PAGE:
[JAC251] Alternator Vibration Analysis

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Alternator Vibration Analysis
Electromagnetic force in the form of an electromagnetic excitation force acting on a motor or an alternator causes vibration and noise. Vibration and noise are produced when this electromagnetic excitation force resonates with an eigenmodes of the motor. In order to accurately evaluate this phenomenon, it is necessary to ascertain each frequency and spatial mode in detail about the electromagnetic force and eigenmodes of the motor. FEA is useful in advance at the design stage for ascertaining the situations where large vibrations and noise occur, and for analyzing the factors involved and taking countermeasures.
In this example, the electromagnetic force generated in the stator core of a claw pole alternator is obtained, and acceleration is evaluated with an electromagnetic force – structural coupled analysis on the alternator. In addition, the frequency components of the electromagnetic force and the eigenmodes and spatial modes are analyzed to obtain the sources of resonance.

Electromagnetic Force

The electromagnetic force distribution for one electrical angle period at steady-state is obtained. When rotating a 16-pole rotor at 1,500 r/min, 200 Hz is the fundamental frequency. Fig. 1 shows the electromagnetic force frequency components.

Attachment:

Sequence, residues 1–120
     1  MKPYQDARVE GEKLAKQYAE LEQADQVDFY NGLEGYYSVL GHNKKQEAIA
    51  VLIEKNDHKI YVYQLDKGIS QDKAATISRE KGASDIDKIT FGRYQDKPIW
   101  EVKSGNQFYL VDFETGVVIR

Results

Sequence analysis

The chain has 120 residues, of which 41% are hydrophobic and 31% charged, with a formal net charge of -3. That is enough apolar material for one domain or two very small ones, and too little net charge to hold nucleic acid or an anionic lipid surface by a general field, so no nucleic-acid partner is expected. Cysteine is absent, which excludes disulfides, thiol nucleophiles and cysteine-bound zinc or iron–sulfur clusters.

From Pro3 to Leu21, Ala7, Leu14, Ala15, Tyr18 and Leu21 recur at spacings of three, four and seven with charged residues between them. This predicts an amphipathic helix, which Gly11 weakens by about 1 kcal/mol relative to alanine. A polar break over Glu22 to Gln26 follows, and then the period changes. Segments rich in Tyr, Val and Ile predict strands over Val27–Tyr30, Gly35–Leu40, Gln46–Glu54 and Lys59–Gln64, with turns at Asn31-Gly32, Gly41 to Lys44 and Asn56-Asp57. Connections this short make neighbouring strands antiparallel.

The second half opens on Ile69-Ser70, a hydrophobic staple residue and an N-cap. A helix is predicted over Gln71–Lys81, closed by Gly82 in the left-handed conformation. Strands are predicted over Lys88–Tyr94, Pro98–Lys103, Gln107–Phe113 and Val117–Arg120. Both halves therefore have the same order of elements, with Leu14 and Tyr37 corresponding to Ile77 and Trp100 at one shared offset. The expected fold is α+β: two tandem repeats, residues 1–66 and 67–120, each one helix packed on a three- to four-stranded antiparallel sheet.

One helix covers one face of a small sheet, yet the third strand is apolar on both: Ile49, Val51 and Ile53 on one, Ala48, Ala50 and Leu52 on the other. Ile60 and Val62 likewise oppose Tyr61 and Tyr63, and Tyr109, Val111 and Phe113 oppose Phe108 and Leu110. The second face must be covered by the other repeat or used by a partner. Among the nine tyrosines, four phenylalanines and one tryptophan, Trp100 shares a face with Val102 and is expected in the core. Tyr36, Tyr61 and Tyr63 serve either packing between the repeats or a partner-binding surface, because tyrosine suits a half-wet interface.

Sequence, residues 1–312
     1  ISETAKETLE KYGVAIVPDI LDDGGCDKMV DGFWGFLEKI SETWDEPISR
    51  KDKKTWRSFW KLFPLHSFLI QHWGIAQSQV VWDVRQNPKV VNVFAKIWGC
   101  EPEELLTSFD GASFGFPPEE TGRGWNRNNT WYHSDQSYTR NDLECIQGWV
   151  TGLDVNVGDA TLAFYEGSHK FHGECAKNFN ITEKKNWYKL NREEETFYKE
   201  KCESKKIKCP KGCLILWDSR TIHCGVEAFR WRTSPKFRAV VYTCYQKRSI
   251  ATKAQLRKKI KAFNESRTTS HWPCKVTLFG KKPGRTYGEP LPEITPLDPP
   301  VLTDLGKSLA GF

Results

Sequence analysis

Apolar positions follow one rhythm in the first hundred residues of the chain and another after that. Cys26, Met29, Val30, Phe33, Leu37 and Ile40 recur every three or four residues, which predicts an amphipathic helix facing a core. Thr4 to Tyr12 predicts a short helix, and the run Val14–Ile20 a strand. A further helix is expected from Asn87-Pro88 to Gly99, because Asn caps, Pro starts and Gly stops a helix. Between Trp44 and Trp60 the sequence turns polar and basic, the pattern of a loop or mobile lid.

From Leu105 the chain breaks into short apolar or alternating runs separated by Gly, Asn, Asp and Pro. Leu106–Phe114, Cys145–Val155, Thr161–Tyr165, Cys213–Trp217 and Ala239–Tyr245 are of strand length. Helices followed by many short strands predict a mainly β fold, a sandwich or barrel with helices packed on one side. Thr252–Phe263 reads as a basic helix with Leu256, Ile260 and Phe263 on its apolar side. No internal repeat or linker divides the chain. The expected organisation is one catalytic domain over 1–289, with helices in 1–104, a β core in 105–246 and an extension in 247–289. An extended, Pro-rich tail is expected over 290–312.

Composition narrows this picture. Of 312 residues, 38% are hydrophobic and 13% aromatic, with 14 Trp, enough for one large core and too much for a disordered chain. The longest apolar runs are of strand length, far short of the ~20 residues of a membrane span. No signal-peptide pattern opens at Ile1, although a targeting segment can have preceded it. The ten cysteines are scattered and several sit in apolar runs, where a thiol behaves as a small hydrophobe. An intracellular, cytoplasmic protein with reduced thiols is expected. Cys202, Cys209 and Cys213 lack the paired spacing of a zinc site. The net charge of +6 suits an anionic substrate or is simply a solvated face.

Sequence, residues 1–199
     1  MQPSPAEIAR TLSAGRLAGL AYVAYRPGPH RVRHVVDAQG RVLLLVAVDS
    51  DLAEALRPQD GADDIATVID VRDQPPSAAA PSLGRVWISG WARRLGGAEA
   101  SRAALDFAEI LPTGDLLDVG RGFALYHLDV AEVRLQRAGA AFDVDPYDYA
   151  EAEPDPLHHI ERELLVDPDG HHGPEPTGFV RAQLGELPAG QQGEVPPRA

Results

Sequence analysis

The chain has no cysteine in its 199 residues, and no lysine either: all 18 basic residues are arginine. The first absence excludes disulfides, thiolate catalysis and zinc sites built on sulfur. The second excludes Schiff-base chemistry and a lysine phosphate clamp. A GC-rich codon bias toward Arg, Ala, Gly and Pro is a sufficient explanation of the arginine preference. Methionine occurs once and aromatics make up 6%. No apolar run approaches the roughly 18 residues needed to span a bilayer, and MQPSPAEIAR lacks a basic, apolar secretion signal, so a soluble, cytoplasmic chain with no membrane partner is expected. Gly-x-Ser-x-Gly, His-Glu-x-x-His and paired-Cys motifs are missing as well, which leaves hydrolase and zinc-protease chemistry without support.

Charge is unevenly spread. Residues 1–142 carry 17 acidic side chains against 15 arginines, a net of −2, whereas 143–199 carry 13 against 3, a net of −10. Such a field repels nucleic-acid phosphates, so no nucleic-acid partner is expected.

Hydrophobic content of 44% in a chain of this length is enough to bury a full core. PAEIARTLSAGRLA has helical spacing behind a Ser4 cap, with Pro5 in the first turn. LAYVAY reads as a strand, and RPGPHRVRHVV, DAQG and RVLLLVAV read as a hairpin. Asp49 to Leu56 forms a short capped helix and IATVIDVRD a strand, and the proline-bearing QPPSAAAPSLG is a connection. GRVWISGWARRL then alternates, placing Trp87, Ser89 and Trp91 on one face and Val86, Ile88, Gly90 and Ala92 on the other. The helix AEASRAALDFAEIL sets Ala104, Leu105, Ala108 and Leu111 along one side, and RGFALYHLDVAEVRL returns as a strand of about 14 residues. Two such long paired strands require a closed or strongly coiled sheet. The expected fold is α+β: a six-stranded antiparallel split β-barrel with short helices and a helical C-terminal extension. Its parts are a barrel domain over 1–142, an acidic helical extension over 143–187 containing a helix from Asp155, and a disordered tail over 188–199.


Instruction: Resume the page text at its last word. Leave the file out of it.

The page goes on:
In general, the electromagnetic force acting on a stator tooth has a frequency component (secondary component) which is twice the fundamental frequency, but if the rotor is a claw-pole rotor, since the N-pole and S-pole widths are different, the fundamental component is included as well. In particular, the magnitude of the fundamental component included differs between the axial center and either end of a claw pole. Fig. 2 shows the electromagnetic force time history.

Fig. 1. Surface Force Density and Electromagnetic Force Frequency Components
Fig. 2. Electromagnetic Force Time History


The stator is fixed between the front and rear brackets. Since each part is connected using bolt holes, rigid body conditions are used to model these connections. In addition, the bolt holes for mounting the rear bracket are completely constrained simulating a mounted bracket.
Fig. 3 shows the constraint conditions. Fig. 4 shows the 2nd- to 4th-order ring modes and their eigenfrequencies of the stator.

Fig. 3. Constraint Conditions
Fig. 4. Eigenmodes

Sound Pressure Level Evaluation and Vibration Analysis

Vibration analysis is performed for each electromagnetic force frequency component obtained from magnetic field analysis in order to determine sound pressure levels. Fig. 5 shows the sound pressure levels
The ring modes can be checked by computing the vibration spatial modes from accelerations of the stator outer circumference at 3.6 kHz and 7.2 kHz. Fig. 6 shows the spatial mode order analysis.
It can be seen that the effects from the 3rd- and 4th-order ring modes are large. Fig. 7 shows the sound pressure level distribution.

Fig. 5. Sound Pressure Levels
Fig. 6. Spatial Mode Order Analysis
Fig. 7. Sound Pressure Level Distribution

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